2. The first night, wake up at a time where you know for sure you'll get plenty of sleep.
At this early stage of the experiment, it’s better to error on the side of getting too much sleep rather than not enough.
Let’s say for example you are convinced that 8 hours is more than enough sleep. What I did my first night of this experiment is go to sleep at 11pm and get up at 7am. This sets a nice precedent going forward.
3. Each subsequent morning, wake up 5 minutes earlier than the night before.
It’s vital that every night you continue to go to bed at the same time. It’s weird but my body almost couldn't tell I got less sleep…for a while.
Day 1: 11pm-7am
Day 2: 11pm-6:55am
Day 3: 11pm-6:50am
And so on. You get the idea.
I worked my sleep backward to 7 hours doing this and I feel amazing. If you feel extra tired each morning, then slow it down to waking up 5 minutes earlier every other morning instead of every morning. Give your body time to adjust and you will feel so much better.
4. Hit the reset button when necessary.
As you do this experiment, keep in mind that every day is different. If you have 1 or 2 bad nights of sleep, this doesn't necessarily mean that you slept too little. There are hundreds of factors that impact our sleep. Give the experiment enough time to make sure you are learning what your body needs.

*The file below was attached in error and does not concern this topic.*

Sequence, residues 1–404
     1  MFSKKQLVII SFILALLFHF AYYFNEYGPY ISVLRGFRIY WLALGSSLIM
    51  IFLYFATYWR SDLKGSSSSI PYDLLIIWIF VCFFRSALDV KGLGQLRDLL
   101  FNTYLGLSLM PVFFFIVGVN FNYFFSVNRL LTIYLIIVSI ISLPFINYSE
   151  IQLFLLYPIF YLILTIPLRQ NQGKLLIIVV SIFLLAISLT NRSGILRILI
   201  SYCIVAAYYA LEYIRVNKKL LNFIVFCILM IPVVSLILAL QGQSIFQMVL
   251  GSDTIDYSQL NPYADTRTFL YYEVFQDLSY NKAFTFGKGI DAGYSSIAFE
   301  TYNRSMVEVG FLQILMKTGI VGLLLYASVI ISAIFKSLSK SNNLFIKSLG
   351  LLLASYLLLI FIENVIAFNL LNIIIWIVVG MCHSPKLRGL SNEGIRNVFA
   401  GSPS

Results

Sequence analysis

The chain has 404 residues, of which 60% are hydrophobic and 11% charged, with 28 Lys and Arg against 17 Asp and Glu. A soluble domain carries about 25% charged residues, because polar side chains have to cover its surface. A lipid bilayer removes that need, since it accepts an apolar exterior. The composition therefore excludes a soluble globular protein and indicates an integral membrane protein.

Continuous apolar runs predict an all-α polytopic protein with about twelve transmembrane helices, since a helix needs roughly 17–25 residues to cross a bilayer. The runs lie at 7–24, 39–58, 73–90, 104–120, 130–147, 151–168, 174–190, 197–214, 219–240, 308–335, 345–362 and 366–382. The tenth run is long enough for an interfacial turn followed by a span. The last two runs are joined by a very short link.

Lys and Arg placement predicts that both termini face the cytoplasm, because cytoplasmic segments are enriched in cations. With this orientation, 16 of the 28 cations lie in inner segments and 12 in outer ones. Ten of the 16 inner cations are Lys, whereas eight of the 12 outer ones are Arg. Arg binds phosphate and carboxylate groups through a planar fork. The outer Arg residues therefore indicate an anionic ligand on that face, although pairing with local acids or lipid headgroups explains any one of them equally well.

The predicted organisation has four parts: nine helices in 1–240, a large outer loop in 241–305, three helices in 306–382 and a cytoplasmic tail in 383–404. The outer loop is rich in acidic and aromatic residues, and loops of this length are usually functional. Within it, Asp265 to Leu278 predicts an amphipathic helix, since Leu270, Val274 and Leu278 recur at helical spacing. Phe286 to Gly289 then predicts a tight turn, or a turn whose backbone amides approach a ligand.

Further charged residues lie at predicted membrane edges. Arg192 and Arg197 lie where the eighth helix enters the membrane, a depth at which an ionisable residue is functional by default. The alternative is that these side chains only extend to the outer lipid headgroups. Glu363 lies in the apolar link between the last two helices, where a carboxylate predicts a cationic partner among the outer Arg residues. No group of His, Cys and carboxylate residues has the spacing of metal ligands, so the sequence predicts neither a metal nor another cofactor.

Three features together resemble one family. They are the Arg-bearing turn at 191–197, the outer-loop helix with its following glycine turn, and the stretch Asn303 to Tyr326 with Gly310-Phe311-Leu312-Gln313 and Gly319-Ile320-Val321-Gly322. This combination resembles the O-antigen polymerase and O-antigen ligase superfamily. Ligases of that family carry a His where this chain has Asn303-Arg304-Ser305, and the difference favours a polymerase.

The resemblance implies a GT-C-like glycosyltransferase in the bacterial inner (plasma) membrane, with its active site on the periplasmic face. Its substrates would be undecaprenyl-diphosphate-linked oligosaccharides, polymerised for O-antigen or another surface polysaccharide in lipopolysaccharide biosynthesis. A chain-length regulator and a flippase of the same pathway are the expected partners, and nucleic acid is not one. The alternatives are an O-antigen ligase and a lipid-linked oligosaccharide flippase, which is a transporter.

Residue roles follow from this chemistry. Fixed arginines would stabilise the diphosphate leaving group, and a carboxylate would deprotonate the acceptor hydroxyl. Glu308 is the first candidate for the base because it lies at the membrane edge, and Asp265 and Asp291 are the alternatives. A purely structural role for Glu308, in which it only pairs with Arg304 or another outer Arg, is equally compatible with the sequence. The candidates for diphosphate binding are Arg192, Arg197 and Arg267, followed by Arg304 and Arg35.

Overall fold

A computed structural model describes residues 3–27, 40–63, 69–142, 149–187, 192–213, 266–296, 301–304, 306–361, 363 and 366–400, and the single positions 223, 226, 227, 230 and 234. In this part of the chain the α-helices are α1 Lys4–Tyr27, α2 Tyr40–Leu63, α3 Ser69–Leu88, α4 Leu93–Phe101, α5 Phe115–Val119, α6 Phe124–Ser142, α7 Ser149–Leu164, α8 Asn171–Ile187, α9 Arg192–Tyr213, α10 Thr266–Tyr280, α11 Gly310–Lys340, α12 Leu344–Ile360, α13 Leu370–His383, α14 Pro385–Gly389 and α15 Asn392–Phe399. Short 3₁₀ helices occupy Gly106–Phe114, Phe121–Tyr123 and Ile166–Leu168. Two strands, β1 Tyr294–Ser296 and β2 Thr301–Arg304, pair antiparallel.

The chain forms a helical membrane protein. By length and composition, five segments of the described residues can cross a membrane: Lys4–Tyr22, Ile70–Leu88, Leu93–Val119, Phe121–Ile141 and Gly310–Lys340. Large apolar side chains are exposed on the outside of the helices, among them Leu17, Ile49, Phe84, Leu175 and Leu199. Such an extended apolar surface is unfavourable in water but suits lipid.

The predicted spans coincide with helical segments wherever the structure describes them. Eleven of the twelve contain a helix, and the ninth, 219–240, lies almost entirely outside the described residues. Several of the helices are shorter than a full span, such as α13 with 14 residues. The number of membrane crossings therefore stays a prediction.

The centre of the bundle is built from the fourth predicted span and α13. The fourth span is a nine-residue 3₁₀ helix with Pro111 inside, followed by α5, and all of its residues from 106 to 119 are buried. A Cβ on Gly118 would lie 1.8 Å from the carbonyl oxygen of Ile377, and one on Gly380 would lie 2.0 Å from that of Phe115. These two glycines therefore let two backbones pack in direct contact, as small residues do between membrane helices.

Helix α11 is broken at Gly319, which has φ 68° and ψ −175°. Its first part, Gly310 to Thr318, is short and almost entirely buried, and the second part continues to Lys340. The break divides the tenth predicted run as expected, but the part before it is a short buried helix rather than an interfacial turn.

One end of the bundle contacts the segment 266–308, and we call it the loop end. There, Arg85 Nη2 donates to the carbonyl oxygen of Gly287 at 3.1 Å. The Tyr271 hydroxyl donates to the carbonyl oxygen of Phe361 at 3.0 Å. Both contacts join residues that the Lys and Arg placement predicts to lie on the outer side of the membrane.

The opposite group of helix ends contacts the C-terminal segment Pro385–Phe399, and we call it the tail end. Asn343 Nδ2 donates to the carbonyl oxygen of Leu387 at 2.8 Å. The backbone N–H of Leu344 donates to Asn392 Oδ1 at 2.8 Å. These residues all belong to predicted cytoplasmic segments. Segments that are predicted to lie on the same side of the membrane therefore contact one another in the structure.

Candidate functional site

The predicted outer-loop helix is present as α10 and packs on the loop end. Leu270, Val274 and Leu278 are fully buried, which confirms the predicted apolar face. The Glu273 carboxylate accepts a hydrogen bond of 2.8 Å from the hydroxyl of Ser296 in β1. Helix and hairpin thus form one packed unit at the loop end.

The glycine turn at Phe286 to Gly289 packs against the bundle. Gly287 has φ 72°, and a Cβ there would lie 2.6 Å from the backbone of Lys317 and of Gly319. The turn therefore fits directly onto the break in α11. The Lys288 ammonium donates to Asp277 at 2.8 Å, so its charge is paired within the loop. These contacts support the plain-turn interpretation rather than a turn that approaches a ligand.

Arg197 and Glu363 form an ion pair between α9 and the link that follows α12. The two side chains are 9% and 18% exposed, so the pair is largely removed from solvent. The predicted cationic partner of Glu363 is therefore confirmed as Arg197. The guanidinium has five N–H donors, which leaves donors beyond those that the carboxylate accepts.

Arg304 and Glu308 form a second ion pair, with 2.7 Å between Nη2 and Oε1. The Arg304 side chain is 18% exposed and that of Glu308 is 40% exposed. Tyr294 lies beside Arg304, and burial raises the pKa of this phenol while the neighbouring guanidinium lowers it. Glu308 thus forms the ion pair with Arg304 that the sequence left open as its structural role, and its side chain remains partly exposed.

One more tip: don’t compare your sleep amount to others.
When I did this for the first few days, I felt great. I went to bed at a consistent time and woke up at an incrementally earlier time.
By day 10 though, something interesting happened. I was totally thrown off of my schedule. I had gone to bed later than what I intended but tried to make up for it by waking up at a later time. It definitely affected me, but it wasn’t too bad. I learned that consistency really does make a difference.
On day 12, I tried something a little different. So far, I had been cutting out a little bit of time each day and eventually shaved off an hour off my sleep schedule. Then, I went to bed an hour earlier and woke up an hour earlier, but getting the same amount of sleep as I had the night before. I had a lot of trouble getting up. I felt so groggy despite the number of hours of sleep being the same.
On day 13, I went back to my sleep schedule the previous night and felt totally fine. So, the actual time of when you go to sleep versus when you wake up really matters! Consistency is key here.
Overall, I feel that the experiment was a success. I was able to free up an entire hour of my day, which is awesome.
Learn your limitations, Warrior,. Take advantage of the opportunities you can get out of life. This worked for me; it might not work for you. Don’t be discouraged though, you can find ways throughout your day to maximize your time. Especially if you are well-rested.
Remember, we do this to get the most out of life. I learned to sell on Amazon to earn the margin to do the things I love with the people I love. Learn how to make passive income while you sleep with our Amazon FBA Mastery membership.